Thursday, May 7, 2009

Topic: Using Models (Patterns) to Write Poems

10-second review: Suggests that younger students begin to write poetry by using the following: free verse, Haiku, Cinquain, Diamante, Quinzaine, and Quintain.

Title: “Exploring Poetry Patterns.” Iris M. Teidt. Elementary English [No Date]. p. 1082-1084. Elementary English was the NCTE elementary school publication preceding Language Arts.


Free Verse: no rhyme. Ideas and images.

Example: The moon is a sun drowsing,/but never going to sleep./ The stars are faces in the sky./ Time is how long it takes you/ to do your homework. Phyllis Dyer.

Haiku. Ancient form of Japanese poetry. No rhyme. Three short lines totaling seventeen syllables. Line 1, t syllables. Line 2, 7 syllables. Lin3, 5 syllables. References to nature. Few articles.

Example: Lightly a new moon/ Brushes a silver Haiku/ On the tips of waves.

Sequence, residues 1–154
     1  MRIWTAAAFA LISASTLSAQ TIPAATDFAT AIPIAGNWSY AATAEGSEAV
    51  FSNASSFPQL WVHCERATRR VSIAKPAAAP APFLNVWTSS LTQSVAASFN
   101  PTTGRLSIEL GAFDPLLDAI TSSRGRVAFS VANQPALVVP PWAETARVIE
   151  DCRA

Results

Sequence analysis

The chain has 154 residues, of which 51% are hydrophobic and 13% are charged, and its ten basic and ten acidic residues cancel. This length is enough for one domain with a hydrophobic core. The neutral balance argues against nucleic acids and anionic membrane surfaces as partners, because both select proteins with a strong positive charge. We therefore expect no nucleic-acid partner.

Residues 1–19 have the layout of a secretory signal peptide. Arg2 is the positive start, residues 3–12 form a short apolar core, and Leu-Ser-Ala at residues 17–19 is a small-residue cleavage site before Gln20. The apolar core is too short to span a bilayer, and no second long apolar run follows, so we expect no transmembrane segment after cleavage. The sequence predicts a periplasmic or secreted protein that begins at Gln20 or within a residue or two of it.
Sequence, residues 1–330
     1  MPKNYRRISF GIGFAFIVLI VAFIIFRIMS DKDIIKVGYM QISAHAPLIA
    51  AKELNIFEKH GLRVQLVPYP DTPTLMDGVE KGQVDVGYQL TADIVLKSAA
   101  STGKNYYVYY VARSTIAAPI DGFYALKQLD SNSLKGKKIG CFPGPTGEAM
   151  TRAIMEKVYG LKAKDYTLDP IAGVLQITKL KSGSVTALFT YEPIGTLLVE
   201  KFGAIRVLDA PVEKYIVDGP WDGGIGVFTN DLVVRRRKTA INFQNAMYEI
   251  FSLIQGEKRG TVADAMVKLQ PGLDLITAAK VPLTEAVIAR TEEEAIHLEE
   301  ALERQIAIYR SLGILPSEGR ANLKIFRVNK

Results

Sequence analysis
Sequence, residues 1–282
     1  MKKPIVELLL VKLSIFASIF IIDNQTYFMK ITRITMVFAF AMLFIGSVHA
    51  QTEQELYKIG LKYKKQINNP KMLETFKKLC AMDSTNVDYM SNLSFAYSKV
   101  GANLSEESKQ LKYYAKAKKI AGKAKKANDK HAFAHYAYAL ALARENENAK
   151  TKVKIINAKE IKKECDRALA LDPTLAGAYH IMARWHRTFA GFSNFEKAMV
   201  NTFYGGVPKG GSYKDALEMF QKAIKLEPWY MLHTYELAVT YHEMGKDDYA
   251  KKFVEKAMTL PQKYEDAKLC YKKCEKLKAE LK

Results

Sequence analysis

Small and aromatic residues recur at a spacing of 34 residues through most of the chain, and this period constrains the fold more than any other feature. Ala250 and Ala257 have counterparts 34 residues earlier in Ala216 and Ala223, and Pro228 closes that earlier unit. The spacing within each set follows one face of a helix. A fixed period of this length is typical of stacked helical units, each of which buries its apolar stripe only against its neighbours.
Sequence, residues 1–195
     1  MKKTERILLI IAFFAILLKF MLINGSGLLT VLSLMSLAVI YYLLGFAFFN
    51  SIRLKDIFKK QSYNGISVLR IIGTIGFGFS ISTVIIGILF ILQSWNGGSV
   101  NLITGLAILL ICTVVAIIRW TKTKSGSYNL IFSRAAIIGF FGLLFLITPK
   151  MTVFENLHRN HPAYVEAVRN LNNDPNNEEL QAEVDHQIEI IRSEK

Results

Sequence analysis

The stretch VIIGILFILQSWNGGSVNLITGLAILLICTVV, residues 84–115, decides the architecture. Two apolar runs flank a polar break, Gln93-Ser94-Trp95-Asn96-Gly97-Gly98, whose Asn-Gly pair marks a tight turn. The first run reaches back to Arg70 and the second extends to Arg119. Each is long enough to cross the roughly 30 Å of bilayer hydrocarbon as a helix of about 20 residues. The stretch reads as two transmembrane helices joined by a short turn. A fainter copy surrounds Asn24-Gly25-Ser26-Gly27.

Cinquain (sin’ kain). 5 line verse. Line 1: one word. Title. Line 2: Two words, adjectives. Line 3, Three words, verbs. Line 4: Four words, phrase. Line 5: One word, summary.

Example: Bed/ Soft, warm/ Fun, bouncy, tumbling/ Fun on my bed/ Comfortable.

Diamante (Dee ah mon tee). Contrast. 7 lines. Line 1, subject, (one word). Line 2, adjectives (two words). Line 3, participles (three words). Line 4, nouns (four words). Line 5, participles (three words). Line 6, adjectives (two words). Line 7. noun, opposite of the subject (one word).

Example: Air/ Balmy, soft/ Floating, wafting, soothing/ Typhoon, wind, gale, cyclone/ Twisting, howling tearing/ Bitter, cold/ Blast. Vera Harryman. In the shape of a diamond.

Quinzaine (kan zen’). Makes a statement followed by a question. 3 lines: 7 syllables, 5 syllables, 3 syllables.

Example: Boys screaming in the distance--/ When will they be still/ On this dusk? Irma Johnson.

Quintain (kwin ten’). Syllable progression: 2, 4, 6, 8, 10.

Example: Poems/ Read for Pleasure/ Before the bright firelight/ Words meant for all those who enjoy/ Delightful, soothing, lovable music. L. Willie.

Comment: You can extend the same principle for older students to include a sonnet. RayS.

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